Connections to the outside world can be made to waveguides using a simple opening in the shield cover and a properly designed waveguide transition. A lead frame can be used to make the module surface-mountable. Also, connectors can be used to connect to a mother board or coaxial cables.
FIG. 1 shows a cross-sectional view of the thick film RF module according to the present invention. A conductive ground plane 120 is applied to a substrate 110. A first dielectric layer 130 is printed on top of the ground plane 120 in a conventional manner. In a preferred embodiment, the dielectric 130 is either KQ-120 or KQ-CL907406 dielectric, available from Heraeus Cermalloy.
A microstrip 125 is disposed above the first dielectric 130; a second dielectric layer 130 is then disposed above the microstrip 125 before a top ground plane 127, preferably made of gold is printed on the second dielectric 130. A shield 140 or lid is electrically coupled to the top ground plane 127. As illustrated in FIG. 1, the shield has at least three cavities 141, 142 and 143 machined in it to provide for at least three stages in the microcircuit. The number of cavities can differ without departing from the scope of the present invention.
Disposed within cavity 142 is an integrated circuit (IC) 115 which is electrically coupled to the microstrip 125 via wire bonds 117. The IC 115 is electrically isolated from the stage in cavity 141 and the stage in cavity 143 (neither shown).
FIG. 2 shows a cross-section view of the microstrip 125 according to the present invention. As illustrated, the conductive ground plane 120, 127 completely encapsulates the microstrip 125. Further illustrated is the fact that the first and second dielectric layers 130 also encapsulate microstrip 125. In a preferred embodiment, resistor pastes 210 are printed on top of the first dielectric layer 130 and on either side of the microstrip 125; this provides further isolation and minimizes the chance of cavity modes propagating through the microcircuit.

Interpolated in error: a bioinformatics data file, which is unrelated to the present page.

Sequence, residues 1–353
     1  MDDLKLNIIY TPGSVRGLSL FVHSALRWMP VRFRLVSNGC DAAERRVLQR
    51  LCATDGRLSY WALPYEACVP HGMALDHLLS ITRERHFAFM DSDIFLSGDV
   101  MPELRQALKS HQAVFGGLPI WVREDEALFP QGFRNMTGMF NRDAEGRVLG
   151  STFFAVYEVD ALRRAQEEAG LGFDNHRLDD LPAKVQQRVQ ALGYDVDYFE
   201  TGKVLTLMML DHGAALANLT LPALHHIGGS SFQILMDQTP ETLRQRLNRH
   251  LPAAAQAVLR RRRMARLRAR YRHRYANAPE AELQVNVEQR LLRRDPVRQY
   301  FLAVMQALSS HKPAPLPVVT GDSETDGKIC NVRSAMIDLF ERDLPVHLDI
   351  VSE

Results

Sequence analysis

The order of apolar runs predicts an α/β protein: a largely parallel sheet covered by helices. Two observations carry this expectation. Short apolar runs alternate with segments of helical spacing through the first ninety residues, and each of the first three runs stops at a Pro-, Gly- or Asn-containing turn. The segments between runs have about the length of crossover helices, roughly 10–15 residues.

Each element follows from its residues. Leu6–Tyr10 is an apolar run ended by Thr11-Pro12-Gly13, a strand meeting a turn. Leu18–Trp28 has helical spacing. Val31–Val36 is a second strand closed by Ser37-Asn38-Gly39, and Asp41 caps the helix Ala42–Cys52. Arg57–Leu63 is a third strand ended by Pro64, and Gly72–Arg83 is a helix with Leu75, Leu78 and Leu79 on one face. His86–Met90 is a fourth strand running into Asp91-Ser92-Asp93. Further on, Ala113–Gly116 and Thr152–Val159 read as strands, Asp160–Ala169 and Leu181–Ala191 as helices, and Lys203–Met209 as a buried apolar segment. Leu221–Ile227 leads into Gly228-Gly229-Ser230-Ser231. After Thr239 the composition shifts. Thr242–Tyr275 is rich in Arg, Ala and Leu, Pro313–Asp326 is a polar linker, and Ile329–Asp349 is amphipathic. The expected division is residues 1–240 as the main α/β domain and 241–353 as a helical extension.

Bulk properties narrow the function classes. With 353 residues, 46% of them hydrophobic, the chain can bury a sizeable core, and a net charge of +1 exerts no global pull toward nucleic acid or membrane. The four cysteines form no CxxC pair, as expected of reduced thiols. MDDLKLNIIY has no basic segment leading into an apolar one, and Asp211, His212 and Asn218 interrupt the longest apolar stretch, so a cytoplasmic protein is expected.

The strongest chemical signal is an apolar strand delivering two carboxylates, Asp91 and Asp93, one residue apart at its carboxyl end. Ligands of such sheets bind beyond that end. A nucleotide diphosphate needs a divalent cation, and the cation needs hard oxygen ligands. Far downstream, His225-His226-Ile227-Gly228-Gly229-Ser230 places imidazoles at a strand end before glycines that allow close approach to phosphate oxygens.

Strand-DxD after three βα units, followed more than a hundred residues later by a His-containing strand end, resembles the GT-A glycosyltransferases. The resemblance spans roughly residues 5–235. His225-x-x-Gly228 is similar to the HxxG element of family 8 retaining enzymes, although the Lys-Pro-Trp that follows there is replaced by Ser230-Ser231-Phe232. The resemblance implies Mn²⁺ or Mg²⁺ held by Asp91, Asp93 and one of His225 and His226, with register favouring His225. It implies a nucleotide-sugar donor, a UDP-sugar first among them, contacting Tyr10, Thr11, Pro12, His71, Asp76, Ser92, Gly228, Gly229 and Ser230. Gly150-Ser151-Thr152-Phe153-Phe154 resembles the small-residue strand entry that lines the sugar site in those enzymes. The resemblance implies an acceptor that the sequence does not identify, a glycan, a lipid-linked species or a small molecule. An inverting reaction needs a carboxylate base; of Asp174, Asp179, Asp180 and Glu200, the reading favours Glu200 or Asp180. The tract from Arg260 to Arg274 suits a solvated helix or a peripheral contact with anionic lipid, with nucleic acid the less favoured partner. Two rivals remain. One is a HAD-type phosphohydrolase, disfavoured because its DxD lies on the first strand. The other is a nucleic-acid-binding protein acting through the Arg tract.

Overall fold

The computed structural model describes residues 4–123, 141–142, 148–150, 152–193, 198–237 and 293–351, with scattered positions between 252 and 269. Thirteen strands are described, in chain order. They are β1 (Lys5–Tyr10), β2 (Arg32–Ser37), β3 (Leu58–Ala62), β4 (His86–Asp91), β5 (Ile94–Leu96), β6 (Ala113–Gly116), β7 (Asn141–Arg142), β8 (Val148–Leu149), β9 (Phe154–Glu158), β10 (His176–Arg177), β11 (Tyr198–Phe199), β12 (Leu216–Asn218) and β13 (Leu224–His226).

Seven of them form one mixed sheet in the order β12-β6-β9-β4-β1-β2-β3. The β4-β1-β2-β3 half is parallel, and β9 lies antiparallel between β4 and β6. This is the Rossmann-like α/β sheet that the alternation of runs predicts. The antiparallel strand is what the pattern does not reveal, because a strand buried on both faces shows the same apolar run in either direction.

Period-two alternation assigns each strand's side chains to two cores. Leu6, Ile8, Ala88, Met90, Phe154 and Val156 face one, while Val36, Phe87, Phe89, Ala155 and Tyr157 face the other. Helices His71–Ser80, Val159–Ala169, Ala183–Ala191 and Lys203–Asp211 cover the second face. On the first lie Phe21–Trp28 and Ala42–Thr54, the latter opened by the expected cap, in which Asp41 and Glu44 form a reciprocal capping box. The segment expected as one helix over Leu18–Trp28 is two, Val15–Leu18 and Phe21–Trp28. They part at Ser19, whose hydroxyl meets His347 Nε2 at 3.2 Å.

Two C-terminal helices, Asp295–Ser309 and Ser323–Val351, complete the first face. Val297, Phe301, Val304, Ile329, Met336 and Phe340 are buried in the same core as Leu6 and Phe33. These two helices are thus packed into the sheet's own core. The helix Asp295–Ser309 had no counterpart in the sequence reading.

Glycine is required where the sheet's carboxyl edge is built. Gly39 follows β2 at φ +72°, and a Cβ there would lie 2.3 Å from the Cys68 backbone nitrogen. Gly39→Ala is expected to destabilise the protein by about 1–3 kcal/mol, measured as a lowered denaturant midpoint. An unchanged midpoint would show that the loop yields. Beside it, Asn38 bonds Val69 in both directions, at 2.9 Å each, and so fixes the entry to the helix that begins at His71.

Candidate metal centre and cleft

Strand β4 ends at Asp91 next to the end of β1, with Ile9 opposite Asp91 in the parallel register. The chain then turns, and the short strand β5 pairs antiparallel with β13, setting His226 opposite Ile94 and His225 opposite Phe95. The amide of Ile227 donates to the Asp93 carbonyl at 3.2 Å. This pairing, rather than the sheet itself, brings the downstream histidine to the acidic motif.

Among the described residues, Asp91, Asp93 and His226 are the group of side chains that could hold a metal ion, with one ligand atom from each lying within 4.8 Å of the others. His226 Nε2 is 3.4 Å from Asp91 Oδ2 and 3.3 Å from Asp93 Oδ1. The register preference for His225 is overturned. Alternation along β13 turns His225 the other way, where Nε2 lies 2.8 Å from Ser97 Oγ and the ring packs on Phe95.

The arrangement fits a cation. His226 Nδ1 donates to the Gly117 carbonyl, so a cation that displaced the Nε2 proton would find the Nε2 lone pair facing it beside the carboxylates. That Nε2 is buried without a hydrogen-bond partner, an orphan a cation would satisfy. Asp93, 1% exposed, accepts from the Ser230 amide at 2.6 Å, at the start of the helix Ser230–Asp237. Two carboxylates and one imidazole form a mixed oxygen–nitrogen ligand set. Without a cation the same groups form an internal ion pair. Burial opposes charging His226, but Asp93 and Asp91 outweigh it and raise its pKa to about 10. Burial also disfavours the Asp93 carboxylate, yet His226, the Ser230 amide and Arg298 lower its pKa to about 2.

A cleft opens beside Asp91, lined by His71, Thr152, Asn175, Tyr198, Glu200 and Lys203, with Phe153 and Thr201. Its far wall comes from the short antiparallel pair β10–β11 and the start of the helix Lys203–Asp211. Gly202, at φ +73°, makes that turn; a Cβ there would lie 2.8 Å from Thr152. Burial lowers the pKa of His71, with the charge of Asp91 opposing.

FIG. 3 shows a top view of a portion of an integrated thick film RF module. Cavity 142 contains an IC and power pads which are connected to the IC via wire bonds; cavity 143 contains, for example, a microstrip structure such as a filter or coupler. As illustrated, stripline 125 interconnects cavity 142 with cavity 143, and beyond.
While the present invention has been illustrated and described in connection with the preferred embodiment, it is not to be limited to the particular structure shown. It should be understood by those skilled in the art that various changes and modifications may be made within the purview of the appended claims without departing from the spirit and scope of the invention in its broader aspects.
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|U.S. Classification||257/728, 257/731, 257/664, 257/704, 257/E23.114, 257/688, 257/691, 257/730|
|International Classification||H01L23/552, H01L23/66|
|Cooperative Classification||H01L24/45, H01L2924/00014, H01L2224/85399, H01L2224/45099, H01L2224/05599, H01L24/48, H01L24/49, H01L23/66, H01L2924/3011, H01L2924/16153, H01L2924/15153, H01L2924/1903, H01L2924/01322, H01L2224/49175, H01L2224/48227, H01L2924/1517, H01L2223/6627, H01L2924/01079, H01L2224/48091, H01L2924/14, H01L2924/3025, H01L23/552|
|European Classification||H01L23/66, H01L23/552|
|Aug 30, 1999||AS||Assignment|
Owner name: HEWLETT-PACKARD COMPANY, CALIFORNIA
Free format text: ASSIGNMENT OF ASSIGNORS INTEREST;ASSIGNORS:DOVE, LEWIS R.;CASEY, JOHN F.;BLUME, ANTHONY R.;REEL/FRAME:010199/0962;SIGNING DATES FROM 19990816 TO 19990818
|Apr 24, 2000||AS||Assignment|
Owner name: HEWLETT-PACKARD COMPANY, COLORADO
Free format text: MERGER;ASSIGNOR:HEWLETT-PACKARD COMPANY;REEL/FRAME:010759/0049
Effective date: 19980520
|May 30, 2000||AS||Assignment|
Owner name: AGILENT TECHNOLOGIES INC, CALIFORNIA
Free format text: ASSIGNMENT OF ASSIGNORS INTEREST;ASSIGNOR:HEWLETT-PACKARD COMPANY;REEL/FRAME:010977/0540
Effective date: 19991101
|Jan 3, 2005||FPAY||Fee payment|
Year of fee payment: 4
|Dec 4, 2008||FPAY||Fee payment|
Year of fee payment: 8
|Feb 11, 2013||REMI||Maintenance fee reminder mailed|
|Jul 3, 2013||LAPS||Lapse for failure to pay maintenance fees|
|Aug 20, 2013||FP||Expired due to failure to pay maintenance fee|
Effective date: 20130703